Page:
- Intro to square roots
- Square roots of perfect squares
- Square roots
- Intro to cube roots
- Cube roots
- Worked example: Cube root of a negative number
- Equations with square roots & cube roots
- Square root of decimal
- Roots of decimals & fractions
- Equations with square roots: decimals & fractions
- Dimensions of a cube from its volume
- Square and cube challenge
- Square roots review
- Cube roots review
Cube roots review
Review cube roots, and try some practice problems.
The cube root of a number is the factor that we multiply by itself three times to get that number.
The symbol for cube root is .
Finding the cube root of a number is the opposite of cubing a number.
Want to learn more about finding cube roots? Check out this video.
Finding cube roots
If we can't figure out what factor multiplied by itself three times will result in the given number, we can make a factor tree.
Here is the factor tree for :
So the prime factorization of is .
We're looking for , so we want to split the prime factors into three identical groups.
Notice that we can rearrange the factors like so:
So is .
Want to try more problems like this? Check out this exercise: Finding cube roots
Or this challenge exercise: Equations with square and cube roots
Want to join the conversation?
- How do you figure out large cube root questions without guessing and checking?(18 votes)
- Sometimes what I do is rememebr simple pefect squares. For example, 4=64, 3=27.Sometimes the thing that works the best is just multiplying the number you are figure out by the given factor.(8 votes)
- I get it now cuz when me teacher explains it she makes it really complicated(15 votes)
- So if the question is the cubed root of 64, would that mean (8*8=64) = (64/3)?(2 votes)
- No, because when you cube something, you multiply it by itself three times, 4*4*4=64(6 votes)
- But (-2)*(-2)*(2) also equals 8.
So aren’t there then two values for the cubed root of 8: 2 and -2?(2 votes)
- But -2 and 2 aren't the same number, so you aren't technically cubing it, since cubes are the SAME number multiplied three times. Hope this helped!(6 votes)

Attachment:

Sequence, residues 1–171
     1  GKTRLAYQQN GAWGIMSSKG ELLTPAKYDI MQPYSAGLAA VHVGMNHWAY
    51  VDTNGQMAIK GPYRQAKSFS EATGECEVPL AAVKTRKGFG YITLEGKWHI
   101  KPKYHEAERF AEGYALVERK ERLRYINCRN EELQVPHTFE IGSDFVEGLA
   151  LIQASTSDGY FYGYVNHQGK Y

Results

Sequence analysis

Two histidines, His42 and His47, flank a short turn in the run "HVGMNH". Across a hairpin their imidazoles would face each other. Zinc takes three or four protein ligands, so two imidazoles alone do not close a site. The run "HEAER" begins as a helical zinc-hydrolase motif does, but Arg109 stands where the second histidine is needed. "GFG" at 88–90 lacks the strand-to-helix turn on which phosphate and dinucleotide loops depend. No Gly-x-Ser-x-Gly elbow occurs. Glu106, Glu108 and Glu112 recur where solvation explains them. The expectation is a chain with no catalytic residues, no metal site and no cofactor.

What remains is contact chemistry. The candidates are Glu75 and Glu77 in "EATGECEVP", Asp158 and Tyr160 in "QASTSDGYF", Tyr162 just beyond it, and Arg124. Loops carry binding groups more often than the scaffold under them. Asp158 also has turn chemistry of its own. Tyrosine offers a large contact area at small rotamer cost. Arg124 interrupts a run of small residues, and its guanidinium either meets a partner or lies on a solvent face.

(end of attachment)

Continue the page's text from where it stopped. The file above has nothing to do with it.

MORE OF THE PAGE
- I don't understand the problem: Finding the cube root of 64 to the 3 power? Doesn't make sense.(2 votes)
- The process of taking the cube root is the reverse of the process of taking a number to the 3 power. So these processes undo each other; therefore, the answer is just 64.
Have a blessed, wonderful day!(4 votes)
- Is there some trick to the factor tree to make this work? For 216 my factor tree was 3x72 and then 2x36 and then 6x6 and then 2x3. I actually had to break that 6 into a 2x3 to make the factor trick work. Am I supposed to be going for the smallest factors? Sal didn't specify, from what I recall.(3 votes)
- Yes, you are supposed to use the smallest notation.
Also, you had to change 6 into 2*3 because 6 is not a prime number. You are supposed to change everything into prime numbers.(2 votes)
- Good Question
How do you figure out large cube root questions without guessing and checking?(3 votes)
- Your missing your semicolons(3 votes)
- I was supposed to factor out 216 but when I started with 2, I ended up with 2,2,2,3,9 and that doesn't work. I only got the right answer when I started with six. Why does 2 not work?(2 votes)
- 2 works! Let's try it.
We factor out a 2 from 216. We get 108
We factor out a 2 from 108. We get 54
We factor out a 2 from 54. We get 27
We factor out a 3 from 27. we get 9
We factor out a 3 from 9. We get 3
We factor out a 3 from 3. We get 1
Answer- 2, 2, 2, 3, 3, 3
Check- 2 × 2 × 2 × 3 × 3 × 3 = 216!
And we got it righty right!
Perhaps you did the Check wrong.
Well you have to factor 9 also in your answer- 2,2,2,3,9
9 can be factored as 3 × 3
So your answer is written as 2, 2, 2, 3, 3, 3(3 votes)
- Is there a shorter way to do this type of algebra? Is it easy?(1 vote)